Although the bank has a stated policy that discourages printing documents, some loan officers continued to copy each and every loan package (even mortgage applications of 200 or more pages) for their own reference. That in spite of the fact that the loan package is next sent for central scanning and then pushed on an internal portal for reference with handy indexing by document type.
Why were some of the most experienced – and productive – loan officers doing this? At first, the bank thought that the loan officers were simply being careful – ‘I’d better make a copy just in case the document is lost during transit.” But even after the bank installed scanning software in every branch, they were still making personal copies.
After he described this puzzling trend, I told the banker that he didn’t have a technology problem; he had a dependency problem, much like alcoholism or drug addiction in his company. Only in this case, people have become addicted to paper. Forget that an electronic document has been declared just as legal as a paper document. Forget that an electronic document can be retrieved much more quickly than a paper document; that you can copy it and paste it; keep it handy on your desktop, and even annotate it and share it in seconds with a colleague halfway across the country. The problem is you can’t hold it.
Even more interesting though, is the fact that paper addiction seems to be generational. The older and more mature loan officers were the offenders. There is a cut-off – somewhere around 1984 when the post-WWII generation gap supposedly disappeared – after which anyone born has no use for paper documents. The newer generation that has grown up with computers in school - using calculators instead of slide rules, and using word processors instead of typewriters - and their relationship to a sheet of paper is different from the previous generation.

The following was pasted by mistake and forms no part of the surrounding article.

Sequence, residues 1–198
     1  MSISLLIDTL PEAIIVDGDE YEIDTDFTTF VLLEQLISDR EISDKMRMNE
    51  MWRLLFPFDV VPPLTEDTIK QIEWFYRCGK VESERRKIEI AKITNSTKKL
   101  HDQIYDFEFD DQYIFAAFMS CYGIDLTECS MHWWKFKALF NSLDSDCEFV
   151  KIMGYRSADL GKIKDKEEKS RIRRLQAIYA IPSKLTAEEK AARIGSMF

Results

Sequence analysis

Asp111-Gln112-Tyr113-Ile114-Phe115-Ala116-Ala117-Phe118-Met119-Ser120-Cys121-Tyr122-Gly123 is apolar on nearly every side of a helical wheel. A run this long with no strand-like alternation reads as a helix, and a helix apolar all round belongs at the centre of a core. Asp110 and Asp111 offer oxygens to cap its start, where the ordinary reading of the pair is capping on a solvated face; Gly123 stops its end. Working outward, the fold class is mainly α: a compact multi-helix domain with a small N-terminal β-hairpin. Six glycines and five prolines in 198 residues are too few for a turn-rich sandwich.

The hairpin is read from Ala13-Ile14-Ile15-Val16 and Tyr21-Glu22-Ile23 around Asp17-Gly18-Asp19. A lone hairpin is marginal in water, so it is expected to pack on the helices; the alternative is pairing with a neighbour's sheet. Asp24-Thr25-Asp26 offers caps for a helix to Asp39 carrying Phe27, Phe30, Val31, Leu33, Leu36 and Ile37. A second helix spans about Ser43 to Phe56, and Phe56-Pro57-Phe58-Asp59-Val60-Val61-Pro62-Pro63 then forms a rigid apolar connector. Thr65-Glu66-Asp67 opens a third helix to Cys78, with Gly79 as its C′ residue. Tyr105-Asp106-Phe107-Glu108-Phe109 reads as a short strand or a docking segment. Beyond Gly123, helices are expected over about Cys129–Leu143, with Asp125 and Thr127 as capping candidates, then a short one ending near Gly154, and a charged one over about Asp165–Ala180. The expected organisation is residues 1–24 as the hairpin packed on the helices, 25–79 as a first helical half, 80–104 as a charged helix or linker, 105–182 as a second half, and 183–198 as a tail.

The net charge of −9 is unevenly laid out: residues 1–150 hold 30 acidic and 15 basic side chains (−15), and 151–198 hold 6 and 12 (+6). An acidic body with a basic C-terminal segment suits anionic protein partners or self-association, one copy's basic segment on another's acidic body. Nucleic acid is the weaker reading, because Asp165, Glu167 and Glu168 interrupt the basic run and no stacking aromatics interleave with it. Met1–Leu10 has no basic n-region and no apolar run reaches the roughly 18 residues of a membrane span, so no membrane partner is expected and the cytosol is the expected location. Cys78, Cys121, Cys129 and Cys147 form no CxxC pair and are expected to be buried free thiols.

The previous generation, which I fall into, required reams of paper to get through a school day. We grew up writing term papers in either in long hand on carefully typing, and re-typing, them. We calculated algebra equations on scratch pads. When we started our professional lives, there were secretaries in typing pools, clerks whose job it was to wheel around the office delivering interoffice mail, and miles of aisles in the basement filled with file folders.
We got so used to being able to hold a document in our hands that we became dependent on it, like a 3 year old cuddling a teddy bear in bed. And now many in my generation can’t do without it.
So I suggested to the banker that she could either wait 20 years for the young generation to replace the aging paper addicts – and who knows what the next generation gap may bring – or begin an awareness campaign around the advantages of electronic documents over paper and wean people off their dependency. But the irony was not lost that – after 25 years of hearing about the paperless office, that, here it is, finally within reach, and the last obstacle is simply people being unwilling to give up the comfort of holding a document in their hands.
Guest blog by Alan Horton-Bentley ECM WW Industry Marketing Manager - Banking & Financial Markets
Modern banking has improved leaps and
bounds when it comes to extending a variety of services to customers- multiple
access channels, a wide variety of products and services and 24/7 access to
information and help- making banking for customers simple and easy. On the
other side of the counter, inside the bank things have become very complex; in
order to satisfy this ever increasing customer expectation and competitive
Not so long ago, the process of